Hey, Firefox: Thanks for forcing me to switch to Chrome!

Well, thanks to the Firefox 6 update I was just asked (nagged) to install, none of my plug-ins work. So much for not breaking users.

At the same time, the Firefox team completely failed to give me any compelling reason to stick with Firefox 6 until plug-in developers get around to fixing their code to work with the new browser. The tagline for the release is, “a new look, super speed, even more awesomeness.” Pheh! Seriously?? “awesomeness”? Who are they trying to market to, skate-punks?

So – I made a decision, nearly immediately, to switch to Chrome, where all my plug-ins work, where I can roam my plug-ins and settings between installations, and where the browser is seemingly as fast as any other at the moment.

I might switch back someday, but getting burned like this leaves a super-bad taste in my mouth, especially since I came of age in the software industry working for Dave Winer. At UserLand, Rule 1 was “No breakage”. Sadly, “no breakage” seems to be a lost religion these days. But at least some users will have this reaction whenever something that used to work, stops after an “upgrade”. It’s as if I took my car in to get a tune-up, and now my aftermarket in-dash GPS doesn’t work anymore.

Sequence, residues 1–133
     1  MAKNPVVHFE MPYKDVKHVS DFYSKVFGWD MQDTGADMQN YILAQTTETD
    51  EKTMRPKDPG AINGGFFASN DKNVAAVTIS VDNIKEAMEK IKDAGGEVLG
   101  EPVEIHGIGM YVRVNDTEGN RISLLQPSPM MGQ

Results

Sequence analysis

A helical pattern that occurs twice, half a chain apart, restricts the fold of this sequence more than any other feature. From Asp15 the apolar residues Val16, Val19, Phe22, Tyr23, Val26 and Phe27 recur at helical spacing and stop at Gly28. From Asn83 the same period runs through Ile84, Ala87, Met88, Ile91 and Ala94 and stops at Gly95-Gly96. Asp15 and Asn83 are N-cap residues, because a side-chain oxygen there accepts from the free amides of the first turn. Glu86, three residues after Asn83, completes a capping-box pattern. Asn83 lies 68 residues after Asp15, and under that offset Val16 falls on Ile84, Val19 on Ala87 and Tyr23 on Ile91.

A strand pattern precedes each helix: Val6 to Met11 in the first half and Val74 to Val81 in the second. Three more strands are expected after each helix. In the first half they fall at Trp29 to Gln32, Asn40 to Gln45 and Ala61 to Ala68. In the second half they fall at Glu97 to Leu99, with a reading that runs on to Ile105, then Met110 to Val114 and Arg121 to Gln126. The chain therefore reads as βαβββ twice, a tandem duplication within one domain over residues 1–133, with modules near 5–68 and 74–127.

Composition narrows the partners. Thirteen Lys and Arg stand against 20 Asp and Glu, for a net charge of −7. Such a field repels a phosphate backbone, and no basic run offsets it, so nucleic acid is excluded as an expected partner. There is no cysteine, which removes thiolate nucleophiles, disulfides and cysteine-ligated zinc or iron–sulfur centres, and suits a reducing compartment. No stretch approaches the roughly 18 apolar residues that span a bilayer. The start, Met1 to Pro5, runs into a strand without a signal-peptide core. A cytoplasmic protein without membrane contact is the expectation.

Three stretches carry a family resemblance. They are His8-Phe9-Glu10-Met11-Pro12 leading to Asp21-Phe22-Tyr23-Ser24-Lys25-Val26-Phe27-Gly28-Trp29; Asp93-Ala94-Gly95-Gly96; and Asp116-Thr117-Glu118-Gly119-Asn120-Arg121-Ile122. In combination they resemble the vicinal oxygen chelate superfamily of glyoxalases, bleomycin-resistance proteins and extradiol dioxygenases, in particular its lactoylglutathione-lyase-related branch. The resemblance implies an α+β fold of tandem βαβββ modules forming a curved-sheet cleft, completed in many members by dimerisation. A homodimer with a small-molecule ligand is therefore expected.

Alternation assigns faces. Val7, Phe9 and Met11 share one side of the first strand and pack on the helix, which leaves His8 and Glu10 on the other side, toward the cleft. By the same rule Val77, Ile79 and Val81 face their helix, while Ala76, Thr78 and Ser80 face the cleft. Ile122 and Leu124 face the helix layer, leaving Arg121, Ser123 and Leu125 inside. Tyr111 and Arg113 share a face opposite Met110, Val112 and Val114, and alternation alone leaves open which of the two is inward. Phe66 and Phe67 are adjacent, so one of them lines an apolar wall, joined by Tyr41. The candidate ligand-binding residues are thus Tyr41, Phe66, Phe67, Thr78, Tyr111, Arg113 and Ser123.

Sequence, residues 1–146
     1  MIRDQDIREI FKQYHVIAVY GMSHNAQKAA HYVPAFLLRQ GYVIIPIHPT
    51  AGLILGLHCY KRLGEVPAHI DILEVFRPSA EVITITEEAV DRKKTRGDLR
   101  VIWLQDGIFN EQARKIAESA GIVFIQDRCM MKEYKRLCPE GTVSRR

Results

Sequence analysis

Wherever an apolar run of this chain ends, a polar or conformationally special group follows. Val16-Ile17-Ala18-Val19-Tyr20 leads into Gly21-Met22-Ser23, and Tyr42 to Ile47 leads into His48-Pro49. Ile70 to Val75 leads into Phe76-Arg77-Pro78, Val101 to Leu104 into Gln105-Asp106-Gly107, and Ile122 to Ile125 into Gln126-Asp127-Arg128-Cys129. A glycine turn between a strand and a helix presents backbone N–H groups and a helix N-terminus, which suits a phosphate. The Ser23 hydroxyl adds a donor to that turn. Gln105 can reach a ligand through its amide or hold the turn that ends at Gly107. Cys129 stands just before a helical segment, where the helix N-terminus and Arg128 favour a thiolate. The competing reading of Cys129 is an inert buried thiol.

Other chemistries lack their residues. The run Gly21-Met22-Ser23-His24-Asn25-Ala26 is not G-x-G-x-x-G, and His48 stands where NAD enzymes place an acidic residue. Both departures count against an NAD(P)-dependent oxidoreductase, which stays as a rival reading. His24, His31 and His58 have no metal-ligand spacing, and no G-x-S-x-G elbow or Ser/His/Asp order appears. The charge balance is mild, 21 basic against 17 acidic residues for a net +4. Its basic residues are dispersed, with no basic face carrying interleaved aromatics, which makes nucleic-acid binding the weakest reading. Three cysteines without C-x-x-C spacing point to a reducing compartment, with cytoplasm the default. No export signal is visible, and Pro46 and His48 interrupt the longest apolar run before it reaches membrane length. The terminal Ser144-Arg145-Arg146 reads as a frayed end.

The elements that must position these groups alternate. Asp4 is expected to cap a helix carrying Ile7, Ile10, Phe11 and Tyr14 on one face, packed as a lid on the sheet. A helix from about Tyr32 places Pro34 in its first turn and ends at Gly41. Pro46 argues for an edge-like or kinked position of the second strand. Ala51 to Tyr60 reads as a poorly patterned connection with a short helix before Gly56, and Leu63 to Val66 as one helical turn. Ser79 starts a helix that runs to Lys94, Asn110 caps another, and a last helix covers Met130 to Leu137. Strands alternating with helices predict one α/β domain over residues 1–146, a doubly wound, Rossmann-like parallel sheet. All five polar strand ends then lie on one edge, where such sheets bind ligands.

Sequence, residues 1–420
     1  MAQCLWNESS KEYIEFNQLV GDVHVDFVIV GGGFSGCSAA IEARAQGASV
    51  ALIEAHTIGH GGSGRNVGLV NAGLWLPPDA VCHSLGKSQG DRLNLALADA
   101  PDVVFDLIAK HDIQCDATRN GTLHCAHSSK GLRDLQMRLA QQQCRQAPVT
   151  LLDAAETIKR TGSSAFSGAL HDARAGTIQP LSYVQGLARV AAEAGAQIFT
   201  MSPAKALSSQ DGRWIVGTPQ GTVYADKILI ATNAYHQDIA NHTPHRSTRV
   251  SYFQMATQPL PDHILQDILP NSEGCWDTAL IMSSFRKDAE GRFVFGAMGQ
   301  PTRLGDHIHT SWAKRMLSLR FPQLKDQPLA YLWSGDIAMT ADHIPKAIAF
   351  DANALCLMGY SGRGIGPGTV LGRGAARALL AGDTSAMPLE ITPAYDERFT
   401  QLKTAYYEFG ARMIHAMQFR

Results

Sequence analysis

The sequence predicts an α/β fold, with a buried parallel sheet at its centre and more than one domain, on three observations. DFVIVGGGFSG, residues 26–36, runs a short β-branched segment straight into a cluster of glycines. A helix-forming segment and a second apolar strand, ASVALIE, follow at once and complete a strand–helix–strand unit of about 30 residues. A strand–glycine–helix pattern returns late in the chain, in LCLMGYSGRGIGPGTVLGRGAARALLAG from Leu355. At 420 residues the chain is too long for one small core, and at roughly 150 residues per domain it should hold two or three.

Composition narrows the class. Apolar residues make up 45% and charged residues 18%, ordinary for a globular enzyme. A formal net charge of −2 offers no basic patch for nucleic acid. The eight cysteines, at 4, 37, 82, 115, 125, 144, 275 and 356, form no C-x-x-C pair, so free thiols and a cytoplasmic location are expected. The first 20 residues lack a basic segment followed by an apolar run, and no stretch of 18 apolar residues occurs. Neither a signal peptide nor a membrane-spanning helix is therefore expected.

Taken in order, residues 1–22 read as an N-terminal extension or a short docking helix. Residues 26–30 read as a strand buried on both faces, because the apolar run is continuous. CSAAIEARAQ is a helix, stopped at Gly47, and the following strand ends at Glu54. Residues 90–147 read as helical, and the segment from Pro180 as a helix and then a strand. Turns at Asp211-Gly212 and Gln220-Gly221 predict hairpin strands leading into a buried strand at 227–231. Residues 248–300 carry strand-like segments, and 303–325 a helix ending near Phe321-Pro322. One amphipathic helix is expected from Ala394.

It’s not rocket-science, guys. The software industry, especially the Web, needs to understand that users justifiably and rightly expect things that work right now to keep on working. And if you must break your users, you’d better give them a good damn reason.

Mozilla could easily have fixed this. They just did their 5.0 release, so it’s not as if users are chomping at the bit for the next big release. If they’d taken some time to do some testing on the most popular plug-ins, and then work with plug-in developers to fix breakage and get compatible before releasing 6.0, I would likely still be a Firefox user. It’s probably even the case that most plug-ins which are “incompatible” are just not verified to work on the latest version, so it’s probably not even a code issue for most developers.

But since they didn’t do this work ahead of time, the work that they did, and whatever value it added to the product is now lost on me, and likely many others. This is not the way to keep, much less gain market-share. This is the way to cede a market to a cadre of powerful competitors by being shortsighted and careless — even perhaps reckless.


  1. Rob Sayre said:

    So, fair enough, but don’t you think it would be more constructive to list which plugins (or extensions) broke? What happened?

    August 18, 2011
  2. Jake Savin said:

    It’s a fair point, but doesn’t change my core argument. As I pointed out in Dave’s comment thread, when it comes to plug-ins, the browser version is part of the API, and a version change is a breaking change.

    I don’t have the list in front of me, and frankly I was frustrated enough at the time not to make a list. I’ll check tonight and will add the list to my post.

    Thanks for the comment.

    August 18, 2011
  3. Rob Sayre said: